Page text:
In Colorado, school choice has appropriately always enjoyed support from both Democrats and Republicans. Nationally, choice has too often been divisive, with some Republicans using choice as a wedge issue to deconstruct the Federal role in education, while other Democrats have resisted change in any form in an attempt to preserve the status quo. But in Colorado, the emergence of elected Democrats independent from legacy policies and willing to form broad coalitions has reframed the debate on education reform.

School choice appeals to the best instincts of both political parties. It allows Democrats to adhere to their core principals of equality and opportunity – so that a student’s zip code does not determine the quality of their education. It allows Republicans to introduce moderate – and managed – market dynamics and the beginnings of limited competition in the public school sector.


Although established in principal for over a decade, it is only recently that school choice has been put into wide practice, particularly in Colorado’s capital of Denver. Denver Public Schools (DPS) has developed a model school choice program with wide public support. Over half of public school students in Denver now attend class somewhere other than their local school of assignment.

DPS has encouraged school choice: establishing a separate office to guide reform; improving oversight of its high-performing charter schools; and instituting a color-coded school performance framework to academically rank all schools. With these and other initiatives, DPS’s students – 72 percent from low-income families – have outpaced the State in academic growth every year for the past five years.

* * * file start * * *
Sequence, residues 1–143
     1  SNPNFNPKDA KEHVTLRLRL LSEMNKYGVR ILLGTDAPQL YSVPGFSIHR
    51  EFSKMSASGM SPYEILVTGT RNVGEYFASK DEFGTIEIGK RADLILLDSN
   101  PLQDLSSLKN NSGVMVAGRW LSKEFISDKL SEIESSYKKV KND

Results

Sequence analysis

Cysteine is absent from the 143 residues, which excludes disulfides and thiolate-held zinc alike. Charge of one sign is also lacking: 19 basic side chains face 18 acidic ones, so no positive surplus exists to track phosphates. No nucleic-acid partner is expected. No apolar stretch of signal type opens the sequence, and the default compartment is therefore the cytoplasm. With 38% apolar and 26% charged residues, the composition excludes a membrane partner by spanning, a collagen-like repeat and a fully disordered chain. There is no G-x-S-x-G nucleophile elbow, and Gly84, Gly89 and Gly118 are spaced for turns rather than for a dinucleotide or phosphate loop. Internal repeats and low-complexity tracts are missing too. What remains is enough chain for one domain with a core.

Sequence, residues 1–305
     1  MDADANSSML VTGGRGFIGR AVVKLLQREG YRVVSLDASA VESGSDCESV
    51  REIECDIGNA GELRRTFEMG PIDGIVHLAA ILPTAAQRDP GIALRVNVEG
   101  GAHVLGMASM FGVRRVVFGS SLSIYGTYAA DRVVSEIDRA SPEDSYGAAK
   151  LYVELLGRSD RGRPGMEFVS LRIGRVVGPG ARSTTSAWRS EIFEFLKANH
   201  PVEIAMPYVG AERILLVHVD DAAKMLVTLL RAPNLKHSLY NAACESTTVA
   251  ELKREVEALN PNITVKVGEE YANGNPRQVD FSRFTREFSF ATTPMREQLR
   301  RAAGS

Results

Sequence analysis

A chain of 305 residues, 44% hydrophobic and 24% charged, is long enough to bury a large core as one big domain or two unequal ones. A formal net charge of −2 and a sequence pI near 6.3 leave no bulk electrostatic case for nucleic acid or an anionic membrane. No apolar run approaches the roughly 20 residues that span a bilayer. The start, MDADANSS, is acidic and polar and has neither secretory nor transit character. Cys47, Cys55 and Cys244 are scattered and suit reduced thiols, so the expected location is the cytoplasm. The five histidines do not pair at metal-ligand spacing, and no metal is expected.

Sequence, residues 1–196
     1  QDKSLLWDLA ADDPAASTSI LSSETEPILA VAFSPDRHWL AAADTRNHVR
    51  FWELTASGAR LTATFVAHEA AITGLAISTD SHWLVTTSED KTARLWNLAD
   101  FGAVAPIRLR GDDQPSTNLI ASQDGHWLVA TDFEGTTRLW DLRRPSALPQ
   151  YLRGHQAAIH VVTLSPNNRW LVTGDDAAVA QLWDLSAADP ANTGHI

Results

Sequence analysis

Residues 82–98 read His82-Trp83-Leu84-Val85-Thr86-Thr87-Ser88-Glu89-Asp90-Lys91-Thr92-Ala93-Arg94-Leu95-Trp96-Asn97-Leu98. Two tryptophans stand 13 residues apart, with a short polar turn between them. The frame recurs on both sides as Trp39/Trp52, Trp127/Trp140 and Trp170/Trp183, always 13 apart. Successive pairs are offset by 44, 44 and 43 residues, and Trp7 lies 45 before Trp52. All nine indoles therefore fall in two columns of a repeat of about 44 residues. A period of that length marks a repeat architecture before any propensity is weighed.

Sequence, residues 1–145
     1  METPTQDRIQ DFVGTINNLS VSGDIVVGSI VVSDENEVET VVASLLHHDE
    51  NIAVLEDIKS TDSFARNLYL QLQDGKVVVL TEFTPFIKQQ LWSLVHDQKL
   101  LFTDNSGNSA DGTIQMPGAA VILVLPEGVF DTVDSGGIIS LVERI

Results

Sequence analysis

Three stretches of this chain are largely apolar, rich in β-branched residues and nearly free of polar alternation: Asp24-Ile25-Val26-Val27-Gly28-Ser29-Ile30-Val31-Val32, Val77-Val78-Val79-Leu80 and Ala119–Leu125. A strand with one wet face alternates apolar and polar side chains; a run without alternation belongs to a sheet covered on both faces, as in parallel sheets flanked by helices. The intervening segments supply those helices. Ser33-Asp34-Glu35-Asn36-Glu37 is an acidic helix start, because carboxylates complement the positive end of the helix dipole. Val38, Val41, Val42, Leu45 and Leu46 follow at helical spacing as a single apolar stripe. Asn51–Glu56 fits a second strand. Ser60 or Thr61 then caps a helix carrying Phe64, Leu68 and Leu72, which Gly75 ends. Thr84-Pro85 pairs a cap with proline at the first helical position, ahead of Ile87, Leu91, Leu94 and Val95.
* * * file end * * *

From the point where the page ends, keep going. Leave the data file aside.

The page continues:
This winter, after a multi-year initiative driven by local nonprofit GetSmart Schools, DPS is instituting its new SchoolChoice program: a single enrollment process where Denver’s families will rank order their choices to attend any public school – traditional, magnet, or charter – in the city. This program has the full participation of every school and constituent group, placing Denver as the first large urban district in the country where charter school leaders, district administrators, and advocacy groups are all actively working together to ensure equality of resources and policies.

By forming a bi-partisan coalition around school choice, Colorado’s Democrats for education reform have brought red and blue factions together in a way that should serve as a national model. This political coalition in Colorado is moving it’s majestic purple mountains in education policy, and improving academic outcomes for all its students.

Garcia is the current Lieutenant Governor of Colorado

Hancock is the Mayor of Denver

Rep. Polis (D-Colo.) represents Colorado's 2nd District

State Senator Johnston (D-Denver) represents Colorado's 33rd District